PHILADELPHIA (CBS) -- The scenario: a cyber attack on the energy infrastructure in the northeastern United States. 37 million people knocked off the power grid. How do we recover? That was a drill held late last year and just now made public by the feds. It shows the potential impact on the Philadelphia area and just how much there is to do to shore up weaknesses.
The simulated strike on a critical power system hobbled service for several weeks. Cellular and emergency radio communication were brought to their knees due to depleted backups. Water and sewage treatment plants needed additional fuel to prevent a pollution disaster. Food and water were at a premium, with many grocery stores closed.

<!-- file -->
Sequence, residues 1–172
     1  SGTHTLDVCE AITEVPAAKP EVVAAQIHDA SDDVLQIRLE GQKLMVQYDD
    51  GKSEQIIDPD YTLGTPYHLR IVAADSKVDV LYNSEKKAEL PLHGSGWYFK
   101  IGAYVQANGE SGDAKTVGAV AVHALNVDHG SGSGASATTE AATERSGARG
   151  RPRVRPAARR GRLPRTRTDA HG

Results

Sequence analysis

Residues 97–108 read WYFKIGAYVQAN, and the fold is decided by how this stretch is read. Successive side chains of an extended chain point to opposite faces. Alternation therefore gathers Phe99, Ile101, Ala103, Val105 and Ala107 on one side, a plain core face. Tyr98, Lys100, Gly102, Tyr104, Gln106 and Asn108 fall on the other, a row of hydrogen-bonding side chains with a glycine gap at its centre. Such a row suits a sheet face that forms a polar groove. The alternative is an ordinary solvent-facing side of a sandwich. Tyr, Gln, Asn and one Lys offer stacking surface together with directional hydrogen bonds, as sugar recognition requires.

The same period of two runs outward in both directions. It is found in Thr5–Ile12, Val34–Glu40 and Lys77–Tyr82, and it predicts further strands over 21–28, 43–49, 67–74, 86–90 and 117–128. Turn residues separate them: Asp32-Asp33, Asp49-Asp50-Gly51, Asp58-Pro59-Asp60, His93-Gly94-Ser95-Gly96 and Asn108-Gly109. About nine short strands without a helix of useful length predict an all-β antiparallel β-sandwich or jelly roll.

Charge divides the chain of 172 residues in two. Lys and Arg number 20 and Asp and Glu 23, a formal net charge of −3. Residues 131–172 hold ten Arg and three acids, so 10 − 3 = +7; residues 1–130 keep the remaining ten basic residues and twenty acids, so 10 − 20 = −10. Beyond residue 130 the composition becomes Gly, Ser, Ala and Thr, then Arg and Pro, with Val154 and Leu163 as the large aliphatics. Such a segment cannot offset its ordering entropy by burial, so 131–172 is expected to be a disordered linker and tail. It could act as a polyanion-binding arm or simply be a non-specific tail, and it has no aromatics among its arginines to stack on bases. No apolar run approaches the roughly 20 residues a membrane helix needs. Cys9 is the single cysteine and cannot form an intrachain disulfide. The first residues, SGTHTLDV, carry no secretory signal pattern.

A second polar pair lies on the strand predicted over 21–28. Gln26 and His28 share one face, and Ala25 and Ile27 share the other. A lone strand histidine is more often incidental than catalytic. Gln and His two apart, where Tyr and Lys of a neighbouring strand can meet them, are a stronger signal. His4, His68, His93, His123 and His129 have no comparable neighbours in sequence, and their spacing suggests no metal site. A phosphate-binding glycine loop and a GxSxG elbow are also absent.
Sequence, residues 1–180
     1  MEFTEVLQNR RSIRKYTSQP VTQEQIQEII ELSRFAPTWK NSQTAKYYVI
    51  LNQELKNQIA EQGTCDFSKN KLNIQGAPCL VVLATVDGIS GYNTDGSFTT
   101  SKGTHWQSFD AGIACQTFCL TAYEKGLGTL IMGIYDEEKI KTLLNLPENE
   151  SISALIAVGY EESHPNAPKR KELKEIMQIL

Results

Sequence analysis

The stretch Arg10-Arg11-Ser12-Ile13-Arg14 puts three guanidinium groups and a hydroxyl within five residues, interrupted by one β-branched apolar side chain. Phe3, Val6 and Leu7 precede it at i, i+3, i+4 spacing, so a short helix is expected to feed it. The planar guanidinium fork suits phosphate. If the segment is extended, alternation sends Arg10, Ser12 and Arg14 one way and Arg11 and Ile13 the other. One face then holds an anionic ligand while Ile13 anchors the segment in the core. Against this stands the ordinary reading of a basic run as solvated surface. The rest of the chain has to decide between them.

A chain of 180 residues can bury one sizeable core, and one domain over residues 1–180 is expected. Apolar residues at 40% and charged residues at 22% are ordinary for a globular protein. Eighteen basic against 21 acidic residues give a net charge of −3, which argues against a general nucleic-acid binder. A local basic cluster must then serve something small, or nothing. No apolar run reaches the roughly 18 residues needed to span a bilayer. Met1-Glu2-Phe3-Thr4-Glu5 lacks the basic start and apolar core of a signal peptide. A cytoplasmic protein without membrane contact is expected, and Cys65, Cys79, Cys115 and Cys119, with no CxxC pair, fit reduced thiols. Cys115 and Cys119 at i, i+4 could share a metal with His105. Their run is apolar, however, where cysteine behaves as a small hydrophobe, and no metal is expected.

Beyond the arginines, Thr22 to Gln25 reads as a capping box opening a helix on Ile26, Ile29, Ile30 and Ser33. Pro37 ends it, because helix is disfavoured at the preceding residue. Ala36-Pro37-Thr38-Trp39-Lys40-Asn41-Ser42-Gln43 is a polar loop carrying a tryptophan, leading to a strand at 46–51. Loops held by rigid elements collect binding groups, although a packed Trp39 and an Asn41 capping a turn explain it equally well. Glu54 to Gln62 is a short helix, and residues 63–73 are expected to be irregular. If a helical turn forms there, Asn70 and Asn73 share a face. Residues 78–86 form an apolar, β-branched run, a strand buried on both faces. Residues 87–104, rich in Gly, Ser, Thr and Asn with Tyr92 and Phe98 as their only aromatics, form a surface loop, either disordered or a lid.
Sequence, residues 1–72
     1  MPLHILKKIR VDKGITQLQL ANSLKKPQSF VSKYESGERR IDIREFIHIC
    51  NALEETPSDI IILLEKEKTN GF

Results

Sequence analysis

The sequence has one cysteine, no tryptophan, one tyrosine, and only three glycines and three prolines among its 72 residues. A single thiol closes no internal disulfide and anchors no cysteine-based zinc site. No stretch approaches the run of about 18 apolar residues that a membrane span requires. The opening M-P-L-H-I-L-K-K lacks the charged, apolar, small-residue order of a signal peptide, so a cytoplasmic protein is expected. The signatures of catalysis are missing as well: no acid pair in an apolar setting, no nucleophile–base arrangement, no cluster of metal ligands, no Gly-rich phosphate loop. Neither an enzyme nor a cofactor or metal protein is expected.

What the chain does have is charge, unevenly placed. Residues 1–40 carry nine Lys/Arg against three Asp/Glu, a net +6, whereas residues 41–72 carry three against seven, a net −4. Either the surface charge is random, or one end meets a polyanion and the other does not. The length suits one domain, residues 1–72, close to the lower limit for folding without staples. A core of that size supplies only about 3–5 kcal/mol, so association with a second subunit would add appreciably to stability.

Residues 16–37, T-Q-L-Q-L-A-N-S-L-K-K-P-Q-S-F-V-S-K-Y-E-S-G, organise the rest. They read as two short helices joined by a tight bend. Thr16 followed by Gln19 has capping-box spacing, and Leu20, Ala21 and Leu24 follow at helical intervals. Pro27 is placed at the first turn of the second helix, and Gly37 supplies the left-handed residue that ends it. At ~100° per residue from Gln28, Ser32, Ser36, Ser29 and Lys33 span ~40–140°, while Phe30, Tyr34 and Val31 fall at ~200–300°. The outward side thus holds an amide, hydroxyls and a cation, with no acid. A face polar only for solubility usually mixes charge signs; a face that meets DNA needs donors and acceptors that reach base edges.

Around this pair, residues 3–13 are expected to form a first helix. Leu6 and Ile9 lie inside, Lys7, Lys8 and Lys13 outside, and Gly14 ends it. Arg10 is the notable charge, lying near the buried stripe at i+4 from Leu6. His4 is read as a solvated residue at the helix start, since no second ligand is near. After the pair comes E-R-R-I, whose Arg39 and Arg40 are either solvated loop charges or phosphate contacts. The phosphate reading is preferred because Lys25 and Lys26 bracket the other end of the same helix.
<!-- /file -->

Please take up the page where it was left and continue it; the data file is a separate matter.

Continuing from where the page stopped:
The exercise, led by the Department of Energy, saw oil refineries in greater Philadelphia shut down by the fictitious attack. That caused a daily shortage of tens of millions of gallons of gas, leading to panic buying and empty fuel stations.
The report outlines a lengthy to-do list for government agencies and the private sector, including coordinating planning and response efforts; communicating information to the public and managing expectations about restoration times; and practicing things like this -- more often than the six years since the last such major multi-state test.
The Pentagon has started testing new technology from BAE Systems designed to detect and respond to infrastructure network attacks.
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